The Princeton Legacy Library uses the latest print-on-demand technology to again make available previously out-of-print books from the distinguished backlist of Princeton University Press. These editions preserve the original texts of these important books while presenting them in durable paperback and hardcover editions. The goal of the Princeton Legacy Library is to vastly increase access to the rich scholarly heritage found in the thousands of books published by Princeton University Press since its founding in 1905.
The first section, consisting of six chapters, is organized around broad theoretical and empirical challenges affecting the study of institutions. It highlights the major issues that emerge among scholars defining, measuring, and analyzing institutions.
The second section includes fifteen chapters, each of which handles a different substantive institution of importance in comparative politics. This section covers traditional topics, such as electoral rules and federalism, as well as less conventional but equally important areas, including authoritarian institutions, labor market institutions, and the military. Each chapter not only provides a summary of our current state of knowledge on the topic, but also advances claims that emphasise the research frontier on the topic and that should encourage greater investigation.
The final section, encompassing seven chapters, examines the relationship between institutions and a variety of important outcomes, such as political violence, economic performance, and voting behavior. The idea is to consider what features of the political, sociological, and economic world we understand better because of the scholarly attention to institutions.
Featuring contributions from leading researchers in the field from the US, UK, Europe and elsewhere, this Handbook will be of great interest to all students and scholars of political institutions, political behaviour and comparative politics.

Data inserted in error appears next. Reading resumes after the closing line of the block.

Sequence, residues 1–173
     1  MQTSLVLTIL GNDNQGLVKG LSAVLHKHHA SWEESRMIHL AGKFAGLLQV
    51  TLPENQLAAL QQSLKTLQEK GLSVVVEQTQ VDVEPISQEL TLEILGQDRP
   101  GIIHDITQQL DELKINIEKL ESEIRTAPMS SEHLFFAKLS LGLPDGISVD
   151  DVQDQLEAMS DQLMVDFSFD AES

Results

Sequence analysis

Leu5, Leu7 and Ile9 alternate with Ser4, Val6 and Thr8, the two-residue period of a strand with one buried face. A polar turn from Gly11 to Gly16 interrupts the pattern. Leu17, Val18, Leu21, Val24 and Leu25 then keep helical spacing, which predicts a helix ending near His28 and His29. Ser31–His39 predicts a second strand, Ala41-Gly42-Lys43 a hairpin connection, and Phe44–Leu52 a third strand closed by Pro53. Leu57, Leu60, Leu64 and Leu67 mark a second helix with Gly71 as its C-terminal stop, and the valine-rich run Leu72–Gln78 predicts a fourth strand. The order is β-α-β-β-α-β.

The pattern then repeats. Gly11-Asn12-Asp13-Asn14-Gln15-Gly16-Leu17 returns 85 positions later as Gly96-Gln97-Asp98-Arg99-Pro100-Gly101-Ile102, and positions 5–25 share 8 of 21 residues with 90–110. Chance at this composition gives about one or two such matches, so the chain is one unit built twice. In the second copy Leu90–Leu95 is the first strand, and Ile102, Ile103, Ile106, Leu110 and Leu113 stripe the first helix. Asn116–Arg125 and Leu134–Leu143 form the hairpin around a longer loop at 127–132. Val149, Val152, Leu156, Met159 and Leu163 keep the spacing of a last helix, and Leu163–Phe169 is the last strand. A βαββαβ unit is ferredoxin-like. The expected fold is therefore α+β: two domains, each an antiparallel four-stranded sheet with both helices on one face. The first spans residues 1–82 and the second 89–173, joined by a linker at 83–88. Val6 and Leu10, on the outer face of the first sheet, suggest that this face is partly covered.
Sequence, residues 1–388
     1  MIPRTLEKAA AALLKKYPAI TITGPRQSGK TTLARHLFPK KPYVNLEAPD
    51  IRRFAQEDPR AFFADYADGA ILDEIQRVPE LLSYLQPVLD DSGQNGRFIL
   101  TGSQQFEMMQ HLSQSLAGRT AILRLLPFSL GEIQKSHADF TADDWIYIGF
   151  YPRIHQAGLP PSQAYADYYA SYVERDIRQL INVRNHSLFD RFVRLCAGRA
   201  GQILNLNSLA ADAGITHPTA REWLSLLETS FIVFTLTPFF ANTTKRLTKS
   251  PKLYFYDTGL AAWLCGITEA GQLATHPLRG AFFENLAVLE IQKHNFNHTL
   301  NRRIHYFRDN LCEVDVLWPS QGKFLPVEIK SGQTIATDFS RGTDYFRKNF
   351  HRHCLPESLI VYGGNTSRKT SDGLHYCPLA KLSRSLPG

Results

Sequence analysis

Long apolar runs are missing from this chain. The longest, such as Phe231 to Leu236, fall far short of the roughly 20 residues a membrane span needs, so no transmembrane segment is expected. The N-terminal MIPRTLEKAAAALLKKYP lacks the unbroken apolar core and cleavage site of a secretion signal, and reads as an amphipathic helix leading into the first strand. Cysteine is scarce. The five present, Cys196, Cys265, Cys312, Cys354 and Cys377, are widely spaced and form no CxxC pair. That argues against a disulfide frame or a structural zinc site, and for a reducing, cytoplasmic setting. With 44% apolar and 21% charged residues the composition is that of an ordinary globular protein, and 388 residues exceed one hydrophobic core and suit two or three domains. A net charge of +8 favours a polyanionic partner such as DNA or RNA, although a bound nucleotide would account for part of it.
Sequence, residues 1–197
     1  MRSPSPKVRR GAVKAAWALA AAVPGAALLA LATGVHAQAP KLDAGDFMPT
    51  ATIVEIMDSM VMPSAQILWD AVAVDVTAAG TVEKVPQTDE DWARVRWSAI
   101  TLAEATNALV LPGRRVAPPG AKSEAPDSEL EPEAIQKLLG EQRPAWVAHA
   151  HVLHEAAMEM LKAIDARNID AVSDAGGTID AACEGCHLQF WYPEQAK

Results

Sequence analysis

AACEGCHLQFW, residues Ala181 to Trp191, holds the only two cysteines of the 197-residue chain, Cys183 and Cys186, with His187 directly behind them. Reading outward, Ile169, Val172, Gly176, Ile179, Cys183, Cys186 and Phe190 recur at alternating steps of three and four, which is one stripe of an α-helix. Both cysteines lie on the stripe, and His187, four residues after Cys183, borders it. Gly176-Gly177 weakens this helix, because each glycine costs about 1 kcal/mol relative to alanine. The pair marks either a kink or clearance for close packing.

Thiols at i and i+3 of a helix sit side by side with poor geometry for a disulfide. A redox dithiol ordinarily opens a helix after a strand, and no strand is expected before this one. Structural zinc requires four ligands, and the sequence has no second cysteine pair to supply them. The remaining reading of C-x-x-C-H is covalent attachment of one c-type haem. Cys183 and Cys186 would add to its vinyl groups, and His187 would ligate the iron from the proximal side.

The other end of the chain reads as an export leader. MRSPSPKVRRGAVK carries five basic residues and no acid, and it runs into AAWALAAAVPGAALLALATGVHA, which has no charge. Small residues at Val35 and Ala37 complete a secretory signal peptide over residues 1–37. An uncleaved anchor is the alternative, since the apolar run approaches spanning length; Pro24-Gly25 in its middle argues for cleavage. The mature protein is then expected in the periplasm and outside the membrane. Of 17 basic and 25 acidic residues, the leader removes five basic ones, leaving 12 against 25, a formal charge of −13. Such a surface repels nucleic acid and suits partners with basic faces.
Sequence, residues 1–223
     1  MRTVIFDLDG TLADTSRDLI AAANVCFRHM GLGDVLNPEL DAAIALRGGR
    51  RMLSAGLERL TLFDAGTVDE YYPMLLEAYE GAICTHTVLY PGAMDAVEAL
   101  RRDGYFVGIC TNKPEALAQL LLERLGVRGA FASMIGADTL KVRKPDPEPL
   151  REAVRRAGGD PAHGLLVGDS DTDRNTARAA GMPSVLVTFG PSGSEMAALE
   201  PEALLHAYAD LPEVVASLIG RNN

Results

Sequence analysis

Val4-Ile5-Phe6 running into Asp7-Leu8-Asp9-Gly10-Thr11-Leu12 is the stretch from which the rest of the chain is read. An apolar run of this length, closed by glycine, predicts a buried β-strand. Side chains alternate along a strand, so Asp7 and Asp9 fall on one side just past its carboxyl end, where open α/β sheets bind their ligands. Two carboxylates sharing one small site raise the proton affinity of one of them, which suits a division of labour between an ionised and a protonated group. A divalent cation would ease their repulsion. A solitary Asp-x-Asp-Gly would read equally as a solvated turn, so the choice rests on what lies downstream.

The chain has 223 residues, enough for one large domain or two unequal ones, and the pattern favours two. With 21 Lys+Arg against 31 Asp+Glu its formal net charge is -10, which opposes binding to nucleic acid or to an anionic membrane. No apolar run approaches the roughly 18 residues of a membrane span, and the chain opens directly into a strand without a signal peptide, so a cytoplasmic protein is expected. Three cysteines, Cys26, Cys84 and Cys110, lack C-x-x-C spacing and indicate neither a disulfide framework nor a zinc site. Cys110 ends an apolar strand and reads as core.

Jennifer Gandhiis Associate Professor, Department of Political Science, Emory University.
Rubén Ruiz-Rufinois Lecturer in International Politics, Department of Political Economy, King’s College London.
Using easy-to-follow graphics and artworks, succinct quotations, and thoroughly accessible text, The Politics Book elucidates the theoretical foundations-as well as the practical applications-of political thought, making abstract concepts concrete.
The Politics Book includes innovative ideas from ancient and medieval philosophers ranging from Confucius and Thomas Aquinas to revolutionary thought leaders such as Thomas Jefferson and Leon Trotsky. The voices that have shaped modern politics today, from Mao Zedong to Malcolm X, are also included, giving anyone with an interest in politics an essential resource to political thinking and policy.
The Politics Book includes:
- Key ideas from more than one hundred of the great politicians and political thinkers from antiquity to present day
- Biographies and context boxes to give the full historical context of each idea
- A reference section with a glossary of political terms and a directory of political thinkers
The clear and concise summaries, graphics, and quotations in The Politics Book will help even the complete novice understand the fascinating world of political thought.